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Posted 15 May 2019 - 06:50

That's a good point. I can't remember exactly which ink I was using was that triggered a similar observation the other day, but I discovered that where the lines are printed on Bloc Rhodia No.16 7mm-ruled A5 notepads, the paper is more vulnerable to bleed-through (but it still took a lot of 'wetness'; I think I accidentally spilt a drop of ink that landed across one of the lines, and I didn't bother to soak it up with a blotter).

I must make a mental note to write across the printed guide marks when testing new paper. Thanks!

 

 

A Smug Dill...

That is something I never would have thought of because I never wrote over the guide marks. It makes sense though because the guide mark probably seals the paper in that one area.

Respectfully,

David



#25 A Smug Dill

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Posted 16 May 2019 - 02:17

That is something I never would have thought of because I never wrote over the guide marks.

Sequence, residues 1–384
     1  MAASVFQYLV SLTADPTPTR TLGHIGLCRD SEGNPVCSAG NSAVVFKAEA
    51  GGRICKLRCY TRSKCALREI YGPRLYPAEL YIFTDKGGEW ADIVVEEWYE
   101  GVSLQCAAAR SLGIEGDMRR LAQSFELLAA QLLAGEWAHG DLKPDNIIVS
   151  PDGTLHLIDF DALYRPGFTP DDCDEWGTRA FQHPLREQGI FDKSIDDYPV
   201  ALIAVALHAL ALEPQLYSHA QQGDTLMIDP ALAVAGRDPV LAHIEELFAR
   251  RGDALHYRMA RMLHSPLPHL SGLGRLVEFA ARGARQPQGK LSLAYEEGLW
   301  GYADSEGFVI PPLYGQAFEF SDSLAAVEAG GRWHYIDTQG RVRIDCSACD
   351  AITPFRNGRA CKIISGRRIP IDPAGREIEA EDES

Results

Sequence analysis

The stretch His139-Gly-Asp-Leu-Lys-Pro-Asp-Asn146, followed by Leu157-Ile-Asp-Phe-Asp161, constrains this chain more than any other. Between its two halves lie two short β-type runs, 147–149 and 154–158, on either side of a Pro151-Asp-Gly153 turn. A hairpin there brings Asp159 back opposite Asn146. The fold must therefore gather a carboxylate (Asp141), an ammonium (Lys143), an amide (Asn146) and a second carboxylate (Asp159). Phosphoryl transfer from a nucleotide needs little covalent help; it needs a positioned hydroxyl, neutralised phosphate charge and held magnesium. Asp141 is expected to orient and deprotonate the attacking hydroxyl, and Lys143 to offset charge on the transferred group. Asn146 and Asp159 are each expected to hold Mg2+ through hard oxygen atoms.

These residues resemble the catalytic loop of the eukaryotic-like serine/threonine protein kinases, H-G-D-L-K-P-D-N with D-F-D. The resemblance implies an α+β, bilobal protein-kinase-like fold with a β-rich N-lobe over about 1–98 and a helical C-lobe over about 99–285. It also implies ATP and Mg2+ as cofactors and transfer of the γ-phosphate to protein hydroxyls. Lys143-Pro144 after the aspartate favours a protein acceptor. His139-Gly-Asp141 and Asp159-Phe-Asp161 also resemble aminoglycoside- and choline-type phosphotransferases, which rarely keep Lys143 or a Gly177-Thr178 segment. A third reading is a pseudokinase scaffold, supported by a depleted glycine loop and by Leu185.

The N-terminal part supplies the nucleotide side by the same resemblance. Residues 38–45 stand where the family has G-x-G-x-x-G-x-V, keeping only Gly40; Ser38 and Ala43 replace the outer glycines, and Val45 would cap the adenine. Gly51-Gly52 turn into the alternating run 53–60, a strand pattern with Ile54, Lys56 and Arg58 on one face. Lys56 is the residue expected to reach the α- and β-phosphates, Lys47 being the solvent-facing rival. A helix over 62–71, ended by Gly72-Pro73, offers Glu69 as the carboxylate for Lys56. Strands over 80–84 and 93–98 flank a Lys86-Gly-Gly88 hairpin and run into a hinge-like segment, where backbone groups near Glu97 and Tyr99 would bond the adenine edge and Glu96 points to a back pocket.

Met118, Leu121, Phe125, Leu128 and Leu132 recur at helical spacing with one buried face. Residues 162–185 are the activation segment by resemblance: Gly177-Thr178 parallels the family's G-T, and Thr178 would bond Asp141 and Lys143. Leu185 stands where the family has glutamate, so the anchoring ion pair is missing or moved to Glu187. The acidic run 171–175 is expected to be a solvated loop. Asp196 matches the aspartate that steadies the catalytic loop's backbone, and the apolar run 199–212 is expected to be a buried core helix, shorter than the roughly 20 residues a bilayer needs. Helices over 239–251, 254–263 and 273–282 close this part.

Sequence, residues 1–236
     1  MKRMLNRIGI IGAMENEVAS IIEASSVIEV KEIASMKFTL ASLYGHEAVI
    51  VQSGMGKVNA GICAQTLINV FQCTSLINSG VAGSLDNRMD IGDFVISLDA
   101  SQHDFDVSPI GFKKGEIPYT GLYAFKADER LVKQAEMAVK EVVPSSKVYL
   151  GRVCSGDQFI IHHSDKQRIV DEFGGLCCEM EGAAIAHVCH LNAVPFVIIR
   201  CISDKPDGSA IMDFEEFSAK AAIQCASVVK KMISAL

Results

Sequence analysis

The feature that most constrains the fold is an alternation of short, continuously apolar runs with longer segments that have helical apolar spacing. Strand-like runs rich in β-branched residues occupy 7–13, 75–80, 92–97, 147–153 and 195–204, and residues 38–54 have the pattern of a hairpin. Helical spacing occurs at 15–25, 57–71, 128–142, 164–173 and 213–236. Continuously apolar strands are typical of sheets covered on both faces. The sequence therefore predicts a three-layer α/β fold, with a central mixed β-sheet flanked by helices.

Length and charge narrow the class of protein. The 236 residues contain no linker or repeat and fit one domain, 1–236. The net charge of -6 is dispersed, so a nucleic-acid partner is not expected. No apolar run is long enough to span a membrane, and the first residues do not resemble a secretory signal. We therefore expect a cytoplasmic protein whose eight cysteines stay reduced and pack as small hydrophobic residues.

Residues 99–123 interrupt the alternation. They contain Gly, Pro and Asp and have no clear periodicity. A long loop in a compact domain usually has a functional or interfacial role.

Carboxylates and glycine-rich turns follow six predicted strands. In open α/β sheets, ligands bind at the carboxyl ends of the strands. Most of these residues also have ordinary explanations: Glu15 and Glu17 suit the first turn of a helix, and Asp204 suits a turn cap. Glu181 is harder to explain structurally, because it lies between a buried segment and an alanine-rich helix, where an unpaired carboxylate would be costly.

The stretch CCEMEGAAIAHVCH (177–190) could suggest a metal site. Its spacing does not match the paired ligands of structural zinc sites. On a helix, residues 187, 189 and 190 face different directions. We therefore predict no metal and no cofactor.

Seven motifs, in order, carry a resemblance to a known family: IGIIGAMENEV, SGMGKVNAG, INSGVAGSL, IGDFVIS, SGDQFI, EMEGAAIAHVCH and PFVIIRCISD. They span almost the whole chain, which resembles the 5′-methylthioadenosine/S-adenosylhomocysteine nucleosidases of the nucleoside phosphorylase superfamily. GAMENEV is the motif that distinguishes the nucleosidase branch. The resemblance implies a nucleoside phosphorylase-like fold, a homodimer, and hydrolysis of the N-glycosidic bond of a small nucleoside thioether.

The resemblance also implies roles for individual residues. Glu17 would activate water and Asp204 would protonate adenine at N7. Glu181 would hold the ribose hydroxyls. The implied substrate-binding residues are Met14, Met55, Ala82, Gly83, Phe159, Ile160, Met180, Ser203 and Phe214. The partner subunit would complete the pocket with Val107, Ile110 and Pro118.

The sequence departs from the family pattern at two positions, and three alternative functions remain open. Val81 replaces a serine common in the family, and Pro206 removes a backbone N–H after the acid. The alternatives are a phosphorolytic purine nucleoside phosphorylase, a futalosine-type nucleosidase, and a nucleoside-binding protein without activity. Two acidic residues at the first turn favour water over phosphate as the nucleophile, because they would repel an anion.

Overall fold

That's exactly the sort of discussion I hope to trigger by starting threads on the 'how' of ink reviews and paper reviews, and benefit from each other's experiences and observations, so that we can all better direct our investment of hands-on effort and consumable resources in due diligence or more generally discovery. XYZZY was just too modest in suggesting he/she didn't have much to add! I wouldn't have thought to examine that aspect of paper products otherwise, even though I write over the guide marks all the time (especially on line-gridded paper), and the descenders on my minuscules typically cross below the horizontal 'ruled' lines I use as guides for each line of writing in English (or Latin).

 

I personally feel enriched by this kind of discussion, and sincerely hope my fellow fountain pen enthusiasts do as well. To me, it's about discovery, learning and contemplation of the hobby, and not focussed on being handed product information or market intelligence as retail consumers.


I'm a fountain pen enthusiast, but not your consultant (as a fellow consumer) to advise on getting better value-for-money from your discretionary spending or protecting your investment in the hobby. I like to share the particularly meritorious or disappointing traits of products I've used, through product reviews and replies to others' posts, but please don't expect (or ask) me to frame things specifically in terms of how it would apply to your choice of pens, inks and paper products, or satisfy your preferences for shading, sheen, wet, broad, cheap, et cetera.


#26 XYZZY

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Posted 16 May 2019 - 04:46

 

 

A Smug Dill...

That is something I never would have thought of because I never wrote over the guide marks. It makes sense though because the guide mark probably seals the paper in that one area.